There are a lot of potential Supreme Court decisions coming within the next month that will shape how Americans experience abortion, gun control, and climate change. That said, today’s ruling regarding border patrol agents could shape how authority figures slip out of accountability. CNN reports that the Supreme Court handed down a decision making agents who violate the Constitution immune from lawsuits.
In a 6-3 decision, the judges ruled that a Border Patrol agent in Washington state cannot be personally sued in federal court for damages after a private citizen brought claims of illegal retaliation and excessive force in Egbert v. Boule.
US citizen Robert Boule filed a lawsuit against Customs and Border Patrol Agent Erik Egbert in 2014. Boule, who owned a bed and breakfast near the Canadian border in Washington, alleged the agent used excessive force and retaliated after he reported injuries to Egbert’s superiors.
The suit sought damages for violating Boule’s First and Fourth Amendment rights. Specifically, Boule claimed Egbert’s retaliation violated his First Amendment rights, and entering his private property, refusing to leave, and pushing him to the ground violated his Fourth Amendment rights.
His lawyers pointed to the 1971 decision in the Bivens v. Six Unknown Named Agents of the Federal Bureau of Narcotics case that held that a private individual could sue a federal officer for damages if his fundamental rights are violated. However, no similar statute explicitly authorizes suits against federal agents.
First, the court ruled 9-0 that the Border Patrol agent could not face a lawsuit under a First Amendment retaliation claim. Regarding the fourth amendment claim, a 6-3 ruling among ideological lines says that federal agents could not be held liable for alleged excessive use of force.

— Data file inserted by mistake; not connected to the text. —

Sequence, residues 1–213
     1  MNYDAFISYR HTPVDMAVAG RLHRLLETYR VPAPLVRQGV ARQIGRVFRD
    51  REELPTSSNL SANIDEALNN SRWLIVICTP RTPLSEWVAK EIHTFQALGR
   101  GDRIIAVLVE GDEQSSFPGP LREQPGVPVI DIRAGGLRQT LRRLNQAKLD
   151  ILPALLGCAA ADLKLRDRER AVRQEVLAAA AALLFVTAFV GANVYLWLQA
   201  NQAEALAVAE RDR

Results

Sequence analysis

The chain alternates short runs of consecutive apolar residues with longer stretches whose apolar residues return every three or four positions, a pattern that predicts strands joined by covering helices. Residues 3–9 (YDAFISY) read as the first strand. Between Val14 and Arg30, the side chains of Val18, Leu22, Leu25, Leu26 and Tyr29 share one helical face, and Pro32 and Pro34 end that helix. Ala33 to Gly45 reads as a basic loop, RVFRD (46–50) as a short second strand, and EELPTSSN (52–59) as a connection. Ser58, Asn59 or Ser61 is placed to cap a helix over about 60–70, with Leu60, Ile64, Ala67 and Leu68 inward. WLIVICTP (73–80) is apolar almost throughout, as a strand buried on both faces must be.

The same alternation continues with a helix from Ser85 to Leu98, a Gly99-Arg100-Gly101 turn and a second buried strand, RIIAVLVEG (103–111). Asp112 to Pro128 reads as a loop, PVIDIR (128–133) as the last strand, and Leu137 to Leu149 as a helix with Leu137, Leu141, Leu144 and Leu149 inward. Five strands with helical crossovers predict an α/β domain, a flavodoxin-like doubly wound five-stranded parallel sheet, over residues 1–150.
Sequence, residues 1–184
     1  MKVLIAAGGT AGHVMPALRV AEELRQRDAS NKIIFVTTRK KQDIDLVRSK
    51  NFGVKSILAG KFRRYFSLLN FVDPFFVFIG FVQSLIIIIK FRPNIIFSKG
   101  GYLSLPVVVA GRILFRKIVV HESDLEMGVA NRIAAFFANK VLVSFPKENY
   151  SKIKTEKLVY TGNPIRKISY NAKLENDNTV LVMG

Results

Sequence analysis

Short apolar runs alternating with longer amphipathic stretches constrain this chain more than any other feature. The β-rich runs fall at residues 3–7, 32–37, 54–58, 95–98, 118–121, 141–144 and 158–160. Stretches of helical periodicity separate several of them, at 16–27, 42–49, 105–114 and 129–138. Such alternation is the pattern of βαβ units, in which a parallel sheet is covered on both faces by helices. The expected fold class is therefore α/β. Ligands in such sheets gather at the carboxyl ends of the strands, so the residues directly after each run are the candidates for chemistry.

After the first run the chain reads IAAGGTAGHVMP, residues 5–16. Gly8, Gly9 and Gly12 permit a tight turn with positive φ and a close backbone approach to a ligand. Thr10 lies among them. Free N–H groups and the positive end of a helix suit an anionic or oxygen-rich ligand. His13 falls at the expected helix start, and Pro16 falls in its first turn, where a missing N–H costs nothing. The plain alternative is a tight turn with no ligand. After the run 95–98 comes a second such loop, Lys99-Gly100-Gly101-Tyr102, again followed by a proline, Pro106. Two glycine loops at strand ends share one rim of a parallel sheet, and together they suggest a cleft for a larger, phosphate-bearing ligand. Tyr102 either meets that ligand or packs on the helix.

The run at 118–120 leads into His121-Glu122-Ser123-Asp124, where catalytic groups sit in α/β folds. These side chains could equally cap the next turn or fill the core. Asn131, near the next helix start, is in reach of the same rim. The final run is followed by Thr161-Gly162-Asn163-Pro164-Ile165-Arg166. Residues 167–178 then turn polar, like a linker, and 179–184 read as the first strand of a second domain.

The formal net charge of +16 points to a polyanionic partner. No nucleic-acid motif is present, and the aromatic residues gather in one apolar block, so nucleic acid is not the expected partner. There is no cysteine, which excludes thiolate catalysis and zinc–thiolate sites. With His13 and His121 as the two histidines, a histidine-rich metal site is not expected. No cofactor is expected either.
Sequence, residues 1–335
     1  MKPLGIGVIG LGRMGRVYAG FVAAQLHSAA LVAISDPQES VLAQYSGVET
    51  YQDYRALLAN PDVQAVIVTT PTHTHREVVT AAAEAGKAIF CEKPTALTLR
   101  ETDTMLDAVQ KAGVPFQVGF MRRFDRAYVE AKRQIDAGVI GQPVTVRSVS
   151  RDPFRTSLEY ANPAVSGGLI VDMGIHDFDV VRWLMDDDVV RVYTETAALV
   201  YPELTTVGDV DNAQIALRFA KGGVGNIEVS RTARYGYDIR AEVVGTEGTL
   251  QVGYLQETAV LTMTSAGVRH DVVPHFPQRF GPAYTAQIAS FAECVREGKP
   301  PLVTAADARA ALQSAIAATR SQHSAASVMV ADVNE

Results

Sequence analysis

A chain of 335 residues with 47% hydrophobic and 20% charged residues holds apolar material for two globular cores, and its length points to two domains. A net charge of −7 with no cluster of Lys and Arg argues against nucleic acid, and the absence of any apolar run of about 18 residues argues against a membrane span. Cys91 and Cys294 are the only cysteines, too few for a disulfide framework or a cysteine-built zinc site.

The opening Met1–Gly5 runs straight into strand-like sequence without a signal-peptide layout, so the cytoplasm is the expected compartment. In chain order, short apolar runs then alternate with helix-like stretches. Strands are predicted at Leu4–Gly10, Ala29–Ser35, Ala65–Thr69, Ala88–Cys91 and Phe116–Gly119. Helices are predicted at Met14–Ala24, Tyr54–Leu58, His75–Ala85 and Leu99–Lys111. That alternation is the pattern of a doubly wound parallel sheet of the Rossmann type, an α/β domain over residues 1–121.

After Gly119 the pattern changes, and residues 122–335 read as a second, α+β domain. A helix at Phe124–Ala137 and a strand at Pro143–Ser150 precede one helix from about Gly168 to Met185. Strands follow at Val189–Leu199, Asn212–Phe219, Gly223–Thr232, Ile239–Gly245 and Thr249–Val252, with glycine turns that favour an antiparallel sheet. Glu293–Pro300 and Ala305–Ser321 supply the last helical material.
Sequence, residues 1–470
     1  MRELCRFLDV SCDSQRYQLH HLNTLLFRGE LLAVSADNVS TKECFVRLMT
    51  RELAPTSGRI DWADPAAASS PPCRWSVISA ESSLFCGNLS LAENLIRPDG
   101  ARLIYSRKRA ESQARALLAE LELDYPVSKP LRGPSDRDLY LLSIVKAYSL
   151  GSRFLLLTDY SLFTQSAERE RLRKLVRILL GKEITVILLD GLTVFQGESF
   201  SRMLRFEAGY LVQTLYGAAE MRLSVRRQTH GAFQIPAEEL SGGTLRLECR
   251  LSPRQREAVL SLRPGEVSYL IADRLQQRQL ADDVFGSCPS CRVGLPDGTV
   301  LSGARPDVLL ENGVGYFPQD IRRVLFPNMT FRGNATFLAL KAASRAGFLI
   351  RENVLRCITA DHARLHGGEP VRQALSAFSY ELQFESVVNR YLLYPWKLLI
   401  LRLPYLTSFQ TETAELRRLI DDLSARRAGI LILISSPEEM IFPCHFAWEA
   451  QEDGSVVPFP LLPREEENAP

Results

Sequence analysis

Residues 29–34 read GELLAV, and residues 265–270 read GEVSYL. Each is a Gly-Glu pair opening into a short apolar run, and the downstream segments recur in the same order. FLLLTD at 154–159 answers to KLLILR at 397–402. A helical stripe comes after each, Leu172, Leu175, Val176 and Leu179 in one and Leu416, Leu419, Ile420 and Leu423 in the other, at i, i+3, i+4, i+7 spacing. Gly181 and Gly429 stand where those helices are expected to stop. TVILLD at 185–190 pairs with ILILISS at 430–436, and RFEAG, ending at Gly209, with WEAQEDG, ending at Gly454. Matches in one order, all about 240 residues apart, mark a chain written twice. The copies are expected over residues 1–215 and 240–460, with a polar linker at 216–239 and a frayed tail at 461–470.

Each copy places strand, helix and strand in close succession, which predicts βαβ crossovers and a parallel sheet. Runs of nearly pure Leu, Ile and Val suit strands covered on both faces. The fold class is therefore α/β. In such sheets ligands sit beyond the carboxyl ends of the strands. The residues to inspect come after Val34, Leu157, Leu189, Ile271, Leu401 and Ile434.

Justice Clarence Thomas wrote the majority option and implied agents may not be held responsible for violating constitutional rights unless Congress has authorized such lawsuits for damages.
“Congress is better positioned to create remedies in the border-security context, and the Government already has provided alternative remedies that protect plaintiffs like Boule,” Thomas wrote.
Thomas also claimed extending Bivens to that context “could pose an acute risk of increasing” social costs, including “the risk that fear of personal monetary liability and harassing litigation will unduly inhibit officials in the discharge of their duties.” He went on to state said the court has only twice extended Bivens, which concerned the unconstitutional search of a home in Brooklyn in 1980.
“A plaintiff can turn practically any adverse action into grounds for a retaliation claim,” Thomas wrote, adding that even a “frivolous retaliation claim” could set off an expansive discovery process in “which there is often no clear end to the relevant evidence.”
Justice Sonia Sotomayor writes in her dissent that Thomas’s decision was at odds with the Bivens case.
“Boule’s Fourth Amendment claim does not arise in a new context,” she wrote, joined by Justices Stephen Breyer and Elena Kagan. “Bivens itself involved a U.S. citizen bringing a Fourth Amendment claim against individual, rank-and-file federal law enforcement officers who allegedly violated his constitutional rights within the United States by entering his property without a warrant and using excessive force. Those are precisely the facts of Boule’s complaint.”
Federal officers already have a broad stroke of immunity regarding lawsuits, but today’s decision might make it even more challenging for citizens. Even with today’s ruling, Justice Sotomayor hopes Bivens can still survive.
“Although today’s opinion will make it harder for plaintiffs to bring a successful Bivens claim, even in the Fourth Amendment context,” she wrote, “the lower courts should not read it to render Bivens a dead letter.”